Ages 10 to 14 Months
Cleft palate surgery (palatoplasty) closes the opening in the palate. It brings together and aligns the soft tissue on either side of the cleft, as well as the muscles of the palate that are used to produce speech. GPP may be performed at the same time.

Ear tubes are frequently placed during this surgery.

Ages 1 to 2
Speech-language assessments and therapy begin at age 1

Dental checkups begin at age 2.

Ages 4 to 6
Some children may require a second palate surgery. Pharyngoplasty/sphincteroplasty corrects the shape and function of the palate, which can reduce/eliminate nasal speech.  Our speech therapists work with our plastic surgeons to determine whether this procedure will be beneficial.

Ages 6 to 8
Primary orthodontic treatment, including palate expansion.

Ages 7 to 10
Alveolar bone grafting is performed to add bone to the upper jaw. It may be performed in children with a complete cleft lip that involves the gum line. The bone graft is taken from the spongy part on the inside of the hip bone. Harvesting this graft does not affect your child’s ability to walk, run, or play sports.

Ages 10 to 12
Secondary orthodontic treatment (braces)

Ages 17 to 19
Jaw surgery (orthognathic surgery) may be recommended around age 17 to align the upper and lower jaw when orthodontic treatment alone cannot correct the problem. The misalignment can result in problems with speech, chewing, and appearance.

Nose surgery (rhinoplasty) may be performed when your child reaches skeletal maturity to improve function and/or appearance.

Why Choose Duke

Your Child Will be Cared for by an Experienced, Knowledgeable Team
Your child will be evaluated and treated by many specialists including plastic surgeons, craniofacial orthodontists, ear, nose and throat (ENT) specialists, audiology and speech therapy professionals, clinical social workers, and others, as needed. Our cleft and craniofacial team is well-established and one of the oldest in the region. Our experience repairing clefts includes a special focus on your child's ability to speak, feed, and eat successfully.  Our team of specialists provides coordinated, comprehensive care that meets the safety and compliance standards set by the American Cleft Palate-Craniofacial Association.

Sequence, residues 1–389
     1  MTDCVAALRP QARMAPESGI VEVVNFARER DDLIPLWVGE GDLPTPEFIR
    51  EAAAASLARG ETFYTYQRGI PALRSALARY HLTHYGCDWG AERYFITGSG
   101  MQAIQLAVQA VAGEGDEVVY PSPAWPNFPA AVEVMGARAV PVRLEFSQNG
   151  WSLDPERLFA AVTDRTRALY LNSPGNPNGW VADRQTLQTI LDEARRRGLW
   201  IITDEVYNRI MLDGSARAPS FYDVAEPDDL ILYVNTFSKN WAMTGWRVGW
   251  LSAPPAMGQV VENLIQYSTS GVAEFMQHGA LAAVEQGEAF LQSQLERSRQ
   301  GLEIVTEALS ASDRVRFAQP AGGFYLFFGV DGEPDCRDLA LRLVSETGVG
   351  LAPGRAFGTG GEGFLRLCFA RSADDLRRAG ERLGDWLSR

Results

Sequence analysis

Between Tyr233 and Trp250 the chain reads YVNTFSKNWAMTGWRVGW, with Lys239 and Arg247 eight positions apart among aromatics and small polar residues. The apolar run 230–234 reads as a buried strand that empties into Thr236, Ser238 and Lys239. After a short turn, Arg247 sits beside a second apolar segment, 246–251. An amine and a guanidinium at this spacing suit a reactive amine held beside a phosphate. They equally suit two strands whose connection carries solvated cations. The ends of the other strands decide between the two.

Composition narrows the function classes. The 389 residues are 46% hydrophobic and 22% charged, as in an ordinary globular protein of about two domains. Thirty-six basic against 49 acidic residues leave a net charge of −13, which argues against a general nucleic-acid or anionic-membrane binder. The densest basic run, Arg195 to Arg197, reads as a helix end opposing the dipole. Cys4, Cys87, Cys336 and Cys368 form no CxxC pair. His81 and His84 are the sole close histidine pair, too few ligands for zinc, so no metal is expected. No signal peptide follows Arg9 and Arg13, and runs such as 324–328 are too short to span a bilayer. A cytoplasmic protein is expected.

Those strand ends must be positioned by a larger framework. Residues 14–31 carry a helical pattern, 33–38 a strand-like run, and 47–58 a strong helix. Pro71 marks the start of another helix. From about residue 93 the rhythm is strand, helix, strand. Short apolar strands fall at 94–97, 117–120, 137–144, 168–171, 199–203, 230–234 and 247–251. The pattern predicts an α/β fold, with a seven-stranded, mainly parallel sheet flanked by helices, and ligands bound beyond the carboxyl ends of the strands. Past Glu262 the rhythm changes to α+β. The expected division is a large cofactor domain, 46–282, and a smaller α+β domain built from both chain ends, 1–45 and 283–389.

Our Dedicated Team Coordinator Works Closely with You
Our team is managed by a dedicated team coordinator who ensures that your child’s care is provided in a timely, coordinated, and effective manner. Individualized care is very important to us, so all care is tailored to make your child and family feel comfortable and valued.Your child will typically be seen once a year or in longer intervals to monitor their progress or provide interventions.

Our Locations

Duke Health offers locations throughout the Triangle. Find one near you.

We Offer Convenient, Comprehensive Care
Providing convenient, comprehensive care to your child is important. Your child will be seen by each member of the team at every clinic visit, in one convenient location. At the end of the day, our team meets to discuss your child’s progress. This allows us to tailor the treatment plan to meet your child’s individual needs. Our team coordinator then provides you with a summary of the team visit, the team plan, and the next steps.

We Provide Ongoing Support
You will benefit from ongoing support for your emotional, social, and psychological needs. You’ll find a network of support—and friendships—among other families who share similar experiences. You are able to connect through community events and even team visits. In addition, our social worker will educate you about your child’s developmental needs, offer support surrounding the psychosocial implications of having a child with a craniofacial difference, and provide information about financial assistance and other resources available at Duke and in your community.

Best Children's Hospital in NC

Duke Children's Hospital & Health Center is proud to be nationally ranked in 10 pediatric specialties.

This page was medically reviewed on 11/09/2022 by